Submicron aerosol particles (PM1) were sampled at all areas listed in Table 1. Similar to seawater and SML measurements, OC was distinguished into a water-soluble part (WSOC) and a water-insoluble part (WISOC). To ensure that measured aerosol particles would be of marine origin, only samples showing EC concentrations ≤ 70 ng m–3, and therefore below the maximal EC concentration reported for clean marine air (Cavalli et al., 2004), as well as those from locations with air masses predominantly originating from the ocean (residence time index over water/ice > 0.7; van Pinxteren et al., 2010), were considered in this study. Therefore, approximately 90% of the sampled aerosol filters utilized at the CVAO, but only 20% (Polarstern ANT-XXIX/10 2014) and 50% (Polarstern ANT-XXVIII/5 2012) of the filters applied during the ship cruises and 40% of the filters obtained during the Bergen campaign could be included in the interpretation. For the selected aerosol particles, no correlation between EC and WSOC or WISOC was observed. This lack of correlation served as a further confirmation that the influence of anthropogenic sources is of minor importance (Rinaldi et al., 2013). The observed concentrations of the main inorganic ions were quite similar across the different campaigns, falling within the ranges reported to indicate clean marine aerosol particles. Sulfate concentrations were observed to be between 0.42 and 0.73 µg m–3, which is in good agreement with concentration values reported for the remote tropical region (e.g., Müller et al., 2010). Sodium and magnesium correlated very well (R2 = 0.78) and nitrate concentrations were between 0.02 and 0.05 µg m–3. The molar ratio of Cl to Na+ was between 0.34 and 0.76 for the different campaigns and a lower Cl/Na+ ratio appeared to be mostly connected to a higher sulfate concentration (Figure S4). This connection could point to gas phase reactions (“aging”) of the particles resulting in a depletion of chloride and acidification of the particles. However, acidification of sea spray particles occurs in the timescale of seconds (e.g., Keene et al., 2007). Recently, Miyazaki et al. (2016) found a molar ratio of Cl/Na+ between 1.06 and 0.32 during different parts of a cruise in the Pacific Ocean. Nevertheless, based on isotopic carbon measurements, they found that the natural sources of the aerosol particles (regarding WSOC) were dominant during the entire cruise. Further detailed chemical investigations (e.g., products of gas phase reactions) would be required to study atmospheric processing (“aging”) of the particles. Based on the qualities of low EC, air masses of marine origin, and similar and overall low concentrations of inorganic ions across campaigns, the aerosol data reported in this study were considered to represent natural marine aerosol particles with minor contribution of anthropogenic sources. In the future, however, we plan to further confirm the “clean marine aerosol” classification by additional methods such as isotopic carbon measurements (e.g., Ceburnis et al., 2011).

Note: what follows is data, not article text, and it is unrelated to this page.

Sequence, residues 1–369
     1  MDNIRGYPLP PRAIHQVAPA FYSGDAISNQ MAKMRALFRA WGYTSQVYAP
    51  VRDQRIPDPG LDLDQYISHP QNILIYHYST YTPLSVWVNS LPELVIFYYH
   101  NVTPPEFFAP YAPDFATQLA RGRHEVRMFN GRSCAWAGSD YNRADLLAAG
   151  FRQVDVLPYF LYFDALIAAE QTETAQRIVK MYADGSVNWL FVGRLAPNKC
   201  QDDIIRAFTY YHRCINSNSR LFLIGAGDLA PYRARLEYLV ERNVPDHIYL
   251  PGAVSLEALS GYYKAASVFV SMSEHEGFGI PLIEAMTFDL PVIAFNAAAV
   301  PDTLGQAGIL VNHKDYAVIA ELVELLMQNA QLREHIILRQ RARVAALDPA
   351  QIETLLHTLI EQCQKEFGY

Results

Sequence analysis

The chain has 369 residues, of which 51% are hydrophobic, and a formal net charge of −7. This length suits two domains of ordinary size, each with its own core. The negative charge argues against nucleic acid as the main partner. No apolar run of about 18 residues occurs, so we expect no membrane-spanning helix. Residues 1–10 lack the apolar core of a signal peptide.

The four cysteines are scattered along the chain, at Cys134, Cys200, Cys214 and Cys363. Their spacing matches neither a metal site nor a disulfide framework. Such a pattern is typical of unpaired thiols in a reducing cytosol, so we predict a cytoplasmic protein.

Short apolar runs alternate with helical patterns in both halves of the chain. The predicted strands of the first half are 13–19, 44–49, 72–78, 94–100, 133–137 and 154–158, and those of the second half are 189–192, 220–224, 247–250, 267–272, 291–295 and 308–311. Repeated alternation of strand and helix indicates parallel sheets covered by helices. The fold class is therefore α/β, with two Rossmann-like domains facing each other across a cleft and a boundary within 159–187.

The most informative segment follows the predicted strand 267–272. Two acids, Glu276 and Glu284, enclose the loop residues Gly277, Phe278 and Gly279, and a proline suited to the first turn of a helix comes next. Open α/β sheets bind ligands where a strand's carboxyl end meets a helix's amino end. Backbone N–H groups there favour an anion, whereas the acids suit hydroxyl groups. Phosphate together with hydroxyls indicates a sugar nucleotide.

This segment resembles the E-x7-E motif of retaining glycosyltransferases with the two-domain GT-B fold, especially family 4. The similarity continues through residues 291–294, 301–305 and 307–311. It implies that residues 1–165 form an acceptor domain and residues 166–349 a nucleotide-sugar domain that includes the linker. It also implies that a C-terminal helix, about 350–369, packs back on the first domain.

WSOC concentrations of approximately 0.2 (±0.12, n = 64) µg m–3 were detected, therefore falling within the range of previously reported marine aerosol concentrations (e.g., by Cavalli et al., 2004). WISOC concentrations showed a higher variance with concentrations between 0.01 and 0.9 µg m–3. During some periods, the high WISOC concentrations appeared to correspond to low EC concentrations between 10 and 30 ng m–3. An overview about organic aerosol concentrations in clean marine air has been published by Gantt and Meskhidze (2013). The concentrations of the present work fit well with the compilation of Gantt and Meskhidze (2013); however, in most of the studies no differentiation was made between WSOC and WISOC. Cavalli et al. (2004) summarized WISOC concentrations of the Mace Head region and reported WISOC values that averaged 0.66 µg m–3. At the same location, very high organic marine aerosol concentrations, peaking at 3.8 µg m–3 during moderate wind speeds, have been reported by Ovadnaite et al. (2011) using aerosol mass spectrometry (measuring PM1 aerosol particles). These concentrations are much higher than determined with offline techniques, and they comprised 77% of the total submicron non-refractory mass. The pattern of the organic mass also revealed a unique marine fingerprint (Ovadnaite et al., 2011). O’Dowd et al. (2015) had reported previously high ambient submicron organic matter concentration (measured with aerosol mass spectrometry) exceeding 4 µg m–3 at the Mace Head station during blooms. These aerosol organic matter concentrations measured with online techniques are not directly comparable to the offline method applied in the present work because with time-averaged offline sampling such high plumes cannot be captured. Nevertheless, the measured concentrations suggest a far stronger source of primary organic matter in marine air than assumed.